@ErikSchierboom That it's the MS guideline is fact. That the MS guideline is the correct guideline to use is subjective and debatable. –  Servy Jun 21 '13 at 15:02
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6 Answers

up vote 113 down vote accepted

This is known as the TryParse pattern and has been documented by Microsoft. The official Exceptions and Performance MSDN page says:

Consider the TryParse pattern for members that may throw exceptions in common scenarios to avoid performance problems related to exceptions.

Thus if you have code for which a regular use case would mean that it might throw an exception (such as parsing an int), the TryParse pattern makes sense.

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2  
Another useful link that documents this pattern (search for TryParse) blogs.msdn.com/b/kcwalina/archive/2005/03/16/396787.aspx –  vivek maharajh Jun 20 '13 at 7:41
1  
Basically, if you have a TryParse method, you should have a Parse method that throws when TryParse would return false. Conversely, if you have a Parse method, you should consider having a TryParse method that return false when Parse would throw –  3Doubloons Jun 20 '13 at 10:23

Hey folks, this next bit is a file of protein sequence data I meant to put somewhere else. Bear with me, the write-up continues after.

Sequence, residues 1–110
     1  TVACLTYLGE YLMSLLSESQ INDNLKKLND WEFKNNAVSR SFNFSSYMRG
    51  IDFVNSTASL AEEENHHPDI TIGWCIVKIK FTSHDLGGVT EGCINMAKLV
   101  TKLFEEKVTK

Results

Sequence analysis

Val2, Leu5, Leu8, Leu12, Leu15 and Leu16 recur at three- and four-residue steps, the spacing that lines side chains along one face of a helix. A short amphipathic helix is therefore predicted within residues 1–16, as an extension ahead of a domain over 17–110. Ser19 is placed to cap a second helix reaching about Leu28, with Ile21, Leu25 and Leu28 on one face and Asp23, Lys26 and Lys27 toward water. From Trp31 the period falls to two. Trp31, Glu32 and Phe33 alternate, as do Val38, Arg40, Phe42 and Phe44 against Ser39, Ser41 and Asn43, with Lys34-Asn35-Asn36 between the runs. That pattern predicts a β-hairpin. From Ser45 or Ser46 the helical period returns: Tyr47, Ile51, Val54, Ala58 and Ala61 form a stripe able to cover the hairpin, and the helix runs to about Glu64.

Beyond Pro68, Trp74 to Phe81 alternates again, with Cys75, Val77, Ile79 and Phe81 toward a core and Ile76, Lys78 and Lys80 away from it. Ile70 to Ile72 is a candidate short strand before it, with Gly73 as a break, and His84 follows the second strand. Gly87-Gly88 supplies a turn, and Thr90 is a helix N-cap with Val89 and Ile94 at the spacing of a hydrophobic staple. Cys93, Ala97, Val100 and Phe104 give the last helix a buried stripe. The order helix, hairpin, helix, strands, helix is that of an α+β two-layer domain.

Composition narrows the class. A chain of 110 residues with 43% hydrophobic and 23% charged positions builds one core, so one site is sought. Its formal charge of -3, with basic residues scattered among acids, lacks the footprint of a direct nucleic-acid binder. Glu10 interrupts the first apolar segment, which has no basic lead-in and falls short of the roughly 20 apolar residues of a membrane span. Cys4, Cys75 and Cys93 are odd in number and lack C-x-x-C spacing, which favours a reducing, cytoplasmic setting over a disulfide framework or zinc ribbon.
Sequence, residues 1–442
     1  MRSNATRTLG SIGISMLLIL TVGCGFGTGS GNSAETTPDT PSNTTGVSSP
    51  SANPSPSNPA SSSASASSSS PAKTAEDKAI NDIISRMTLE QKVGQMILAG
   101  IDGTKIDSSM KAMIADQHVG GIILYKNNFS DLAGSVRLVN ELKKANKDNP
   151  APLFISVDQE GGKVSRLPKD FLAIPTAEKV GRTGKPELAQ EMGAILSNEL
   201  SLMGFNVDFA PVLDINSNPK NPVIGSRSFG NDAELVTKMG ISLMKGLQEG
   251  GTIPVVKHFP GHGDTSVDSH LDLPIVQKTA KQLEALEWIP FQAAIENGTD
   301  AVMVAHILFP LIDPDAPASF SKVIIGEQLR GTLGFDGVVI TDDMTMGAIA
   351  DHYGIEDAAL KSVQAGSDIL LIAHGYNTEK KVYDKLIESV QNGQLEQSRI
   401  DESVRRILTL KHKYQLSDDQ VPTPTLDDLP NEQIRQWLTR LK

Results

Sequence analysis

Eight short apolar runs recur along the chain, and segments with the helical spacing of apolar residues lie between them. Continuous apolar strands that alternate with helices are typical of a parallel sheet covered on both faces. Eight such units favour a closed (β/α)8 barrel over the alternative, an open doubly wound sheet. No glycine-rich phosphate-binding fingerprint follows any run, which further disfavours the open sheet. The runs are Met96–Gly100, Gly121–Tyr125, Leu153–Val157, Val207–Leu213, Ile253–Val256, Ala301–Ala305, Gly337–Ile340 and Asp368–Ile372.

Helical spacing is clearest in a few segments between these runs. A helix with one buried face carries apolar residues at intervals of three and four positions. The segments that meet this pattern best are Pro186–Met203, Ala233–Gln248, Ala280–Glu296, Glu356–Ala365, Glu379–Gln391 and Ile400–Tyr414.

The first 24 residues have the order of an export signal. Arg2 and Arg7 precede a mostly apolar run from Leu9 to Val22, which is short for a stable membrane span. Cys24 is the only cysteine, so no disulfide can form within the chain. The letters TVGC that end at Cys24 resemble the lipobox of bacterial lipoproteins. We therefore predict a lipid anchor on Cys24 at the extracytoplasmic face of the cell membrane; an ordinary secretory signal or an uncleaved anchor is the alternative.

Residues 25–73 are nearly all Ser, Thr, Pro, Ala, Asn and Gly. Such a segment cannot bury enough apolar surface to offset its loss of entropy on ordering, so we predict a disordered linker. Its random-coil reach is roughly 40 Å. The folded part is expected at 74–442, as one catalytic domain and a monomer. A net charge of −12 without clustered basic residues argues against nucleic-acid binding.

4  
+1. Just to add to this, exceptions are generally for "exceptional" circumstances. If you're doing something that could easily fail and that failure is not particularly notable, then using this pattern is more idiomatic than a try/catch –  Adam Robinson Jun 20 '13 at 12:06
    
Did such a pattern really require guidelines from Microsoft? Seems fairly basic stuff. –  daveL Jun 20 '13 at 14:08
10  
It is basic stuff, but that doesn't mean that guidelines are not useful. Getting basic stuff right can be quite hard if you don't know the platform well enough. –  Erik Schierboom Jun 20 '13 at 14:11